A special case that falls into the category of rock-aquifers is karst, as mentioned earlier in this section. In addition to the issues raised above, karst landscapes are characterized by large solution voids in the underlying rock that can conduct subsurface water in what are essentially channels. This can lead to uncharacteristically high (for groundwater) linear velocities that reach magnitudes approaching kilometers per day (Figure 29). Therefore, tools used for porous media or fractured rock, which typically conduct water at lower velocities, may not be suitable for measuring the high flow rates in some karst settings. A favored method for determining groundwater velocity in karst settings is dye tracing (Aley, 2002). These tests are conducted by introducing fluorescent dyes (most commonly) into sinkholes or other recharge locations and monitoring downstream springs for the appearance of the dyes. The success of the method depends in large part on the low detection limits (parts per trillion range) possible with the fluorescent dyes. The method is most commonly used to identify overall directions of flow and times of first arrival of the dyes at the springs. Details of the pathways taken between the sources and springs are not generally discoverable by this method. Also, average linear velocities, based on the travel time of the tracer center of mass, are not be possible to determine in many cases; the range of tracer mass balances (mass detected at springs/mass released) is <1% to nearly 100%, with a median value of about 5% (Tom Aley, personal communication). The most successful tests for achieving tracer mass balances are those involving flow through a single ‘pipe’, or similarly simple pathway. The poorer mass recoveries are thought to result from a combination of dilution in the subsurface channels, where turbulent mixing is possible, and distributary drainage that occurs in many karst systems. Loss of tracer mass to the rock matrix is also possible where the primary porosity of the matrix is notable, as in many clastic sedimentary rocks. Also, in some cases, tracer loss to biotic or abiotic transformations can occur, though the dyes are usually selected to minimize this possibility over the time period of a test (hours to weeks).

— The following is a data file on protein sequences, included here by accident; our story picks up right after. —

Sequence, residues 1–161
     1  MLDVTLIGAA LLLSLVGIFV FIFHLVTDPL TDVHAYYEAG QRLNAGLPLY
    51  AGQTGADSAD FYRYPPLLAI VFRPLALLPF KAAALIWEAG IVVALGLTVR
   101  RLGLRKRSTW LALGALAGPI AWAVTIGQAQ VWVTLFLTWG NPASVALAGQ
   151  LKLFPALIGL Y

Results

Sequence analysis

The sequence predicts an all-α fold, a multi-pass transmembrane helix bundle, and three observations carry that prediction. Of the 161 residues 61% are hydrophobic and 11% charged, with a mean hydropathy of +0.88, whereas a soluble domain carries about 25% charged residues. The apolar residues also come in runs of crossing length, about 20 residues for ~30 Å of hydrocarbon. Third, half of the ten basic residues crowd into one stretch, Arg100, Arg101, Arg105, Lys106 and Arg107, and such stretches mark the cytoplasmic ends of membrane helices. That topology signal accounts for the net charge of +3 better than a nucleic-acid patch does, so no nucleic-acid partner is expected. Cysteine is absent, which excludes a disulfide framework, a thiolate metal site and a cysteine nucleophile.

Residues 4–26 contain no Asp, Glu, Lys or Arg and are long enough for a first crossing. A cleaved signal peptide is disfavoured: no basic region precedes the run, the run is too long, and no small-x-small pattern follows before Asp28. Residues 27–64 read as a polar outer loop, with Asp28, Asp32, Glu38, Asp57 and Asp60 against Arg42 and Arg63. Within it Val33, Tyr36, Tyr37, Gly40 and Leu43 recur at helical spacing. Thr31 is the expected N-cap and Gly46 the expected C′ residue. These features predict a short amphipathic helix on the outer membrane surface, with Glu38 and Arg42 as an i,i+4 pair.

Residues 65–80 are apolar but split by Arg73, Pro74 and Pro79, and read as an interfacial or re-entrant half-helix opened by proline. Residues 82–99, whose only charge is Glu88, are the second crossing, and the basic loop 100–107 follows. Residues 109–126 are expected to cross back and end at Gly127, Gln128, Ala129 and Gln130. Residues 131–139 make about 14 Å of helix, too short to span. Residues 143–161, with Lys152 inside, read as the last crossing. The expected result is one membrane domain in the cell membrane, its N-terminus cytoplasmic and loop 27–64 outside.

Approximate, typical seepage velocity ranges for various aquifer settings
Figure 29 – Approximate, typical seepage velocity ranges for various aquifer settings (John Cherry, Tom Aley, personal communication, 2020). Site specific conditions can extend these ranges for individual cases.